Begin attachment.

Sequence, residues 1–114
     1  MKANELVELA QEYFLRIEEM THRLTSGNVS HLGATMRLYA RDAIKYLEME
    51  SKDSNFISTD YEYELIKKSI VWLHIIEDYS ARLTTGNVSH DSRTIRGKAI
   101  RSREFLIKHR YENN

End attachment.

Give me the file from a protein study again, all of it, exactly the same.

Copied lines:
Sequence, residues 1–114
     1  MKANELVELA QEYFLRIEEM THRLTSGNVS HLGATMRLYA RDAIKYLEME
    51  SKDSNFISTD YEYELIKKSI VWLHIIEDYS ARLTTGNVSH DSRTIRGKAI
   101  RSREFLIKHR YENN